JOKM W. DJX,:
—CUR K D—
—M F, A T S .-
Cili Heal IMe
that is kkpt
! in a 1st-class
EL RENO. OKLA.
^ T W w W T
DAVIDSON hi GASE, <^dbalers.N^>
srrsissr. Luinliei1. Lath awl Shingles. •
JAS. TOMPKINS. Manager.
200 Main Street. OKLAHOMA CITY.
The doctor devotes especial attention to all Chronic Diseases ami
uses many new and most positive medicines in his practice by which be
lias cured many extreme cases such as
Hydroceile Rheumatism Heart Disease
Indigestion Kidney and Bladder Catarrh
Chronic I leers Nervousness Sore Legs
Bronchitis Pulmonary Disease Sore Eyes
Diseases of Women and Children—Special Attention. PILES and RUP-
TRL'E Cl'REI) by painless method and no detention from business. Hy-
doceile cured in a few hours. Calls promptly answered all hours.
Obesity Cured iu Four Weeks.
CONSL'LTATIO N FREE.
Office, 200 Main St., Okla. Cty
tore the soldiers of the Oklahoma Na-
tional (iuard have been so poorly
equipped owing to the meager legis-
lative appropriations that their ap-
propriation from the war department
had to be expended for equipments
instead of paying per Iiem to the men
while on duty.
whether he would have Scott brought
to this city, Mr. Owen said he had
not yet given that phase of the case
sufficient consideration to make a
TORNADO IN MOSCOW.
DIAZ WILL HOLD OVER.
Mexicans Evidently Thought the
Long Time President Too
Hard a Man to Run
BACK IN SOCIETY.
Mrs. Amelia Folsom Young, Favorite
Wife of the Prophet is Again
A SUDDEN DEATH.
Mrs. Lillie Fobes Expires Very Sud-
The semi-annual meeting of the
stockholders of the First National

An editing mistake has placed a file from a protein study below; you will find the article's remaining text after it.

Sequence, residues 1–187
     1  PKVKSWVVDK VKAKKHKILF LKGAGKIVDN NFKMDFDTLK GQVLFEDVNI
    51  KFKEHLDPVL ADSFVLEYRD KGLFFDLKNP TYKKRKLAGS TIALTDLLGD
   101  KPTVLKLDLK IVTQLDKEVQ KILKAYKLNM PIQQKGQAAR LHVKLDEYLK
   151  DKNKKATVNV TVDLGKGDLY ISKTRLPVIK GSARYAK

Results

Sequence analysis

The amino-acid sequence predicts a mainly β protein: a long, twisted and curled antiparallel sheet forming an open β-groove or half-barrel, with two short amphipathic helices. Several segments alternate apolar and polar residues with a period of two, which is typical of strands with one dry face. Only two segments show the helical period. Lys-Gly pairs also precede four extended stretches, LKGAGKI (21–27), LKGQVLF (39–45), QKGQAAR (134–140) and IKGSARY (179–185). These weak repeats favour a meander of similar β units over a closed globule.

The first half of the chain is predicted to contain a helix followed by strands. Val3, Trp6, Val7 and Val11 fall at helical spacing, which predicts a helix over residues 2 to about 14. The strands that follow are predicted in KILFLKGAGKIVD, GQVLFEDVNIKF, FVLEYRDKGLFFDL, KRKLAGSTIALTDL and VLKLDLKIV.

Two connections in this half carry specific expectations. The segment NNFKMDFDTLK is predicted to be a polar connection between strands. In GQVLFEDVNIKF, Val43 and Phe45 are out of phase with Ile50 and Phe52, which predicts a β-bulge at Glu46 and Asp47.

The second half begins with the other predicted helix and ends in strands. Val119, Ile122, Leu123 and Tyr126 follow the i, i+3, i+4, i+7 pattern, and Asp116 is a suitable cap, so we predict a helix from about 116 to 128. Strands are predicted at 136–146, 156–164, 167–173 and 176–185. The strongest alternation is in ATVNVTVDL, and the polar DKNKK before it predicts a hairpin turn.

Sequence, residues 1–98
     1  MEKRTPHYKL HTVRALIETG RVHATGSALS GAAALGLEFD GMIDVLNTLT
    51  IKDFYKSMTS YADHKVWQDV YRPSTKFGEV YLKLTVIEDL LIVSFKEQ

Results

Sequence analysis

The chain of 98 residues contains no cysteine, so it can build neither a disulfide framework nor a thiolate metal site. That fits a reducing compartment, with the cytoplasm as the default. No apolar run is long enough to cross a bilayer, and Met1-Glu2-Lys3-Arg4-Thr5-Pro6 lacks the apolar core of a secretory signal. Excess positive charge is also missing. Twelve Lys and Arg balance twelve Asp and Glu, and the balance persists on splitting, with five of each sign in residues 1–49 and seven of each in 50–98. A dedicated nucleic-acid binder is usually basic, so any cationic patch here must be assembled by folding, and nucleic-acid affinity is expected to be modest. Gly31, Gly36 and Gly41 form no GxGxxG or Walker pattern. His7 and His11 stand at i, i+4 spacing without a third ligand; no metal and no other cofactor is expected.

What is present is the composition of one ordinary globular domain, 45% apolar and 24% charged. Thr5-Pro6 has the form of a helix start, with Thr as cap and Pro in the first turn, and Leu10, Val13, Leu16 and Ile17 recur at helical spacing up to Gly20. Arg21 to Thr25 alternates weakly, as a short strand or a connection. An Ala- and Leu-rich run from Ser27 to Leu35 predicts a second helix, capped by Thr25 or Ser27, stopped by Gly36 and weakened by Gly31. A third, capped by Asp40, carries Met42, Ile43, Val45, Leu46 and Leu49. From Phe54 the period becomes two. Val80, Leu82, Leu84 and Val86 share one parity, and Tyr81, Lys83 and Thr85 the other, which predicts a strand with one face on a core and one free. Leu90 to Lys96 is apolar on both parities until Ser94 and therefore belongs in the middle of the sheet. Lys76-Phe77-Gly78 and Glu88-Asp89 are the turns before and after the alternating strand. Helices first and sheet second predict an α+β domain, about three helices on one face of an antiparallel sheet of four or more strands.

Bank of El Reno was held in the bank
building today, for the purpose of
electing officers and transacting other
business. The following officers were
H. C. Bradford. President.
T J. Stewart, Vice President.
W. H. Criley. Vice President
L. A. Wilson. Cashier.
H. L. Chowning. Aassistant Cashier.
Directors: J F. Holden. E. D
Humphrey. K. S. Trulock, J. W. Man
ev. J. B. Trulock, H. C. Bradford. W.
11 Criley. I. A. Wilson. H. L. Chown
The recent statement of the bank
shows an increase of 33 per cent in
deposits in* eight weeks. The First
National Is regarded as one of the
strongest financial institutions in the
southwest, and its business Is making
a remarkable growth.
The names of many of El Renos
wealthiest men appear in its direc-
Mrs. Lillie Fobes died, at her home
three miles east of El Reno, at 4:30
o'clock yesterday afternoon.
She came to town yesterday, and
complained of a violent headache.
At 1:30 she left town in her buggy,
and grew rapidly worse, and died
three hours later.
Mrs. Fobes owned and resided on
what is known as the Allison tarm
in the Canadian valley, three miles
,ast of town. About a year ago she
and her husband agreed to separate
and divided their property. Mr
Fobes is now at Valga City. Iowa
There are two children. Warren Fobes
about 23 years old. and Mrs. Myrtle
Watson, both of whom reside here,
the son on the home farm, and the
daughter, with her husband, on an
Funeral services were conducted at
the Christian church, hv Rev. Cole,